By John M. Hayden
From marginalization to marriage, the closet to living life out and proud, the history of the LGBTQ+ community has been marked with heartbreaking violence to soul-restoring triumph. The keepers of that history have long been in Fort Lauderdale at the Stonewall National Museum & Archives (SNMA), and they are asking you to join them.
Their membership drive is underway, and Executive Director Hunter O’Hanian told OutClique that it’s not just about raising money, it’s about being part of the community. “In its 50 years, Stonewall has been a community resource. Membership has always been part of who we are. We have had thousands of people who have stepped forward to say they support the need to preserve and present our heritage. That’s what membership says. It says: this is something important that I support, not just for me but for those who were before and also who are yet to find their voice.”
With more than six million pages of documents and records, SNMA holds critical pieces of our story, a story that often isn’t told to much of the world. To tell that story, they hold exhibits year round. In addition to the physical displays at the museum (they reopened in July 2020), many of the exhibits are available online, and they just opened two shows. “First, we have Off Our Backs, a look at early lesbian publications from 1950 to 2000. We also have The Saint, a look at the iconic disco in NYC in the 1980s. Both exhibitions have objects and ideas found in Stonewall’s archives.”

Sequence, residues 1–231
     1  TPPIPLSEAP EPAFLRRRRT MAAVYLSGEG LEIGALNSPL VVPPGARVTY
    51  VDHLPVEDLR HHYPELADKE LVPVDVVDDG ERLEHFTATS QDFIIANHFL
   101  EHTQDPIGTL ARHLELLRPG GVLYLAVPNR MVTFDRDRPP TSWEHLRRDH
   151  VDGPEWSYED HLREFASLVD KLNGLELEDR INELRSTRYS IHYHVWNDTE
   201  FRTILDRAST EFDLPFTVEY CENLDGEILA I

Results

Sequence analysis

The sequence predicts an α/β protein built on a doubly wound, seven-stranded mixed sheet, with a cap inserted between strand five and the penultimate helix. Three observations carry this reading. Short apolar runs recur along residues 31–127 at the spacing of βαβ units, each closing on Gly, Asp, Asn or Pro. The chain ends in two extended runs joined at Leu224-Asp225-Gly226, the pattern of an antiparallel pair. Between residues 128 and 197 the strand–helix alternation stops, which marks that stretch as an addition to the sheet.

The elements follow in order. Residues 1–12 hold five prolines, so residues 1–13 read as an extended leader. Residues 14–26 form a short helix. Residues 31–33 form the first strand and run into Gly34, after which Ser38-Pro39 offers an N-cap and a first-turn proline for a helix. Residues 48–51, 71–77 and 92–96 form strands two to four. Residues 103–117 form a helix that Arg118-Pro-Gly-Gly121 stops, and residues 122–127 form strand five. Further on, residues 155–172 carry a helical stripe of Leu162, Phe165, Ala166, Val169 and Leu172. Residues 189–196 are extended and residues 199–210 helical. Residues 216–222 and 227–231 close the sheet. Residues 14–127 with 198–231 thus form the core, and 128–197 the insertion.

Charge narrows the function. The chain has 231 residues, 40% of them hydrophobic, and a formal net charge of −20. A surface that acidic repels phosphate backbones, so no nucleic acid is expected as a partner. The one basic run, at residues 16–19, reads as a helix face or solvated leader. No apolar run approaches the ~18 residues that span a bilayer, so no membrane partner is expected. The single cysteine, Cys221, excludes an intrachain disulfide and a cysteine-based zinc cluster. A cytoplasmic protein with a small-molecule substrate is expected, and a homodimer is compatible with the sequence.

Hunter says the pandemic created a lot of challenges, but also provided an opportunity to find new fans. “We’ve challenged ourselves on every front and found new ways to tell cultural truths. We have launched a virtual programming series which has found a national audience. We have smart, professional exhibitions based on LGBTQ+ history. We have launched a queer studies journal. We have received funding from major national foundations and begun the digitization of our archives which can now reach an international audience of scholars, writers, and artists. We have retooled our vision and plan for the future.”
Hunter has been with SNMA for a year and a half, and says the history he learns makes it all worthwhile. “I like the stories I hear,” and he wants our community to join him. “While we are a small and mighty non-profit, we are blessed to have the responsibility of accurately preserving history for future generations. Thankfully many people understand our charge and actively want to be members.”